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FDA Issues Update on CBD: Still Working, Still Waiting

By Aaron G. Biros
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On March 5, 2020, the U.S. Food and Drug Administration (FDA) issued a press release to the public about their work on devising a regulatory framework for cannabidiol (CBD) products. The FDA also submitted a report to Congress on their rulemaking progress.

The main theme of the report is the same story we’ve been hearing from the FDA for a while now: They are still working on figuring out how to regulate CBD products and wants to do more research before they tackle the rulemaking.

The most intriguing new development from this report is the FDA’s newfound interest in regulating CBD products like dietary supplements:

“FDA is actively considering potential pathways for certain CBD products to be marketed as dietary supplements. Under current law, CBD products cannot lawfully be marketed as dietary supplements, but FDA has the authority to create an exemption through notice-and-comment rulemaking that would allow products containing CBD to be sold legally as dietary supplements.”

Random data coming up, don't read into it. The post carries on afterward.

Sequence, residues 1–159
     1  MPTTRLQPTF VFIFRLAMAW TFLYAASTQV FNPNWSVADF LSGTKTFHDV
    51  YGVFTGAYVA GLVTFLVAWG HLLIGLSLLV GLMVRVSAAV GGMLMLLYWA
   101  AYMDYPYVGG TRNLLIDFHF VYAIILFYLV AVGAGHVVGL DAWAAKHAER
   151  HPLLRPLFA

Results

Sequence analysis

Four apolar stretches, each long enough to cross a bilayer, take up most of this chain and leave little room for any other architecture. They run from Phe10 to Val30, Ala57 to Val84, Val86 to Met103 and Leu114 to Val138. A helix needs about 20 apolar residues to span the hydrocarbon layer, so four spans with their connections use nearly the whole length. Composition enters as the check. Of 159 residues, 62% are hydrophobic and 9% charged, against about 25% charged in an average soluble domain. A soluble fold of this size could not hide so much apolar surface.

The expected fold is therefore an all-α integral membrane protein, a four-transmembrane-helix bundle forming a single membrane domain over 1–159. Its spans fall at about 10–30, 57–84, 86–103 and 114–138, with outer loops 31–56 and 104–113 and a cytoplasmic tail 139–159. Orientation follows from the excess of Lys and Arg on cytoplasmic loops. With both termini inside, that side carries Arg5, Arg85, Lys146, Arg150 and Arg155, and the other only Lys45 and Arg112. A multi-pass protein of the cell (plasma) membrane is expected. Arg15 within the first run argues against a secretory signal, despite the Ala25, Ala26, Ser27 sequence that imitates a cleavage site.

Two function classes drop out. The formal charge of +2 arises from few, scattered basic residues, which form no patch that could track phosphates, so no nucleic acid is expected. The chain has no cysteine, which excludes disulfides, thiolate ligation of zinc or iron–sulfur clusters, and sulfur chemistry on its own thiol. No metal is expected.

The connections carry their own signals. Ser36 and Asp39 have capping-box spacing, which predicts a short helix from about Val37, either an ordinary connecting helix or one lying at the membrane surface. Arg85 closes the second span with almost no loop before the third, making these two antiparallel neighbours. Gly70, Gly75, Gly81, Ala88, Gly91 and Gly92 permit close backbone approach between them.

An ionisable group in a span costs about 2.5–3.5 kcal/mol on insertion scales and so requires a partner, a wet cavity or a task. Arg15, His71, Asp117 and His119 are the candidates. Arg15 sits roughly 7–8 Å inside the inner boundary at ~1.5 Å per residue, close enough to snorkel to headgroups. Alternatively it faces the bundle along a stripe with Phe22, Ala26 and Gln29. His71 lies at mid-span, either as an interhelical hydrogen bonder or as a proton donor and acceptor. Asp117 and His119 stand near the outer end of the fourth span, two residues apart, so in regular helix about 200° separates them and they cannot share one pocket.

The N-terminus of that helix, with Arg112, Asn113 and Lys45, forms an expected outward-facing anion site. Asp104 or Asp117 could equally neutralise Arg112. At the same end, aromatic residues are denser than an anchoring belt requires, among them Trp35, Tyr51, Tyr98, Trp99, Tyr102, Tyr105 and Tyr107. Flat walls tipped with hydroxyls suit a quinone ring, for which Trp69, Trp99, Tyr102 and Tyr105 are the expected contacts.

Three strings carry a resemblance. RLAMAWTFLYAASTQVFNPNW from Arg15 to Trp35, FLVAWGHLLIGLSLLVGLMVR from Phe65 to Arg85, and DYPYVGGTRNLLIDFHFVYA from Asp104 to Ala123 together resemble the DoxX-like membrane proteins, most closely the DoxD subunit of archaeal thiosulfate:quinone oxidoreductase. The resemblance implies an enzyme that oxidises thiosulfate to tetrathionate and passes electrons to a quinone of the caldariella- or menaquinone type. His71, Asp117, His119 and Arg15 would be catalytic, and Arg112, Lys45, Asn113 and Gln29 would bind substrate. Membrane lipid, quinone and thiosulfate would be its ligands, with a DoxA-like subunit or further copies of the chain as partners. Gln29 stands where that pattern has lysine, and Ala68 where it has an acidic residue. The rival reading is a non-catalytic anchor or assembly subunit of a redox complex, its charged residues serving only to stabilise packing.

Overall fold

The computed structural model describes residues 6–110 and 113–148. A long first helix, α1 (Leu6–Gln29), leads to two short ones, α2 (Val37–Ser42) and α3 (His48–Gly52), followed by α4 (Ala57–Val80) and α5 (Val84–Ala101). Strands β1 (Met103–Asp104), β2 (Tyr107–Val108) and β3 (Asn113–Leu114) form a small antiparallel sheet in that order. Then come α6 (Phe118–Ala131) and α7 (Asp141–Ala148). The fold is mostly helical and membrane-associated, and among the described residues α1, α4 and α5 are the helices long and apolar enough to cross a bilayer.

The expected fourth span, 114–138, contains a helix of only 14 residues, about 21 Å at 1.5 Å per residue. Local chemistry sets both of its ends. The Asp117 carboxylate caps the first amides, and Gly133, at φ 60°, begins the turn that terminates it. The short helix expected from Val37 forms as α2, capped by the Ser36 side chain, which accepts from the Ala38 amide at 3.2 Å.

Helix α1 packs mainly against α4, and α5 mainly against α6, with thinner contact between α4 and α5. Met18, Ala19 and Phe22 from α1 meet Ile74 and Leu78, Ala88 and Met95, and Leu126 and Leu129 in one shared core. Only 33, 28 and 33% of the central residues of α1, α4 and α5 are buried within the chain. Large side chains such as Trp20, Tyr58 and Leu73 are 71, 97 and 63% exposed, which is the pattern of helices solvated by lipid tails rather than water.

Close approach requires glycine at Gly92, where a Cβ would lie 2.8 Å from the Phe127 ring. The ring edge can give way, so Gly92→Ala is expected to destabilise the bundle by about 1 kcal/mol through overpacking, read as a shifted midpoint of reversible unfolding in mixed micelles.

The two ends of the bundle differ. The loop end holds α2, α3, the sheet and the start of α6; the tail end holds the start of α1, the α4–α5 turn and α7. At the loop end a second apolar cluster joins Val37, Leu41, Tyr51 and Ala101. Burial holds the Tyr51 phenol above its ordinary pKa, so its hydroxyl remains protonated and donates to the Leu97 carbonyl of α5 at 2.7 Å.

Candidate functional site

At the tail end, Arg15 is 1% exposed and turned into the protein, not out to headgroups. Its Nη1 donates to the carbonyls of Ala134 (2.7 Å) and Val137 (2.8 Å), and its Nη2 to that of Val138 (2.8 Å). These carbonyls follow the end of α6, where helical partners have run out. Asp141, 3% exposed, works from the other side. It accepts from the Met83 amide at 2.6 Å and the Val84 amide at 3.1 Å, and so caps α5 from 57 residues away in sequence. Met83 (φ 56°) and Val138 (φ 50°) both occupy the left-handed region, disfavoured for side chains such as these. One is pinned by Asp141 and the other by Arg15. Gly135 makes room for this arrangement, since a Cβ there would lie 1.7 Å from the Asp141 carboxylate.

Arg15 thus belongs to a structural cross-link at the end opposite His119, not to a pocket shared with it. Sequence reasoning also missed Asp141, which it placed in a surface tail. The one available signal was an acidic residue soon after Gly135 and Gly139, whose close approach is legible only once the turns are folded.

If you’ve been living under a rock for the past couple years, here’s a recap: In June of 2018, the FDA approved GW Pharma’s drug, Epidiolex, for the treatment of rare forms of epilepsy. This allowed a drug containing CBD to go to market, but only through the agency’s drug approval process. When the 2018 Farm Bill (Agricultural Improvement Act of 2018) was signed into law in December later that year, the federal government removed cannabis (hemp) with less than 0.3% THC from the Controlled Substances Act, essentially legalizing it on a federal level. Congress tasked the FDA with figuring out how to regulate the market. Without any FDA guidance in the early days, the subsequent market growth created mass confusion for the industry and consumers alike, with no one really knowing if selling CBD products is legal or not. In May of 2019, the agency held a comment period and public hearing on CBD, which included a lot of discussion around the benefits, the risks and further research on CBD. Throughout 2019, the FDA sent a large number of warning letters to companies marketing CBD products with unsubstantiated health claims. Towards the end of 2019, Congress passed a bill mandating that the FDA update them on their progress to regulate the market within 60 days. That deadline came and went, and then the FDA issued the public update and submitted the report mentioned above to Congress last week. FDAlogo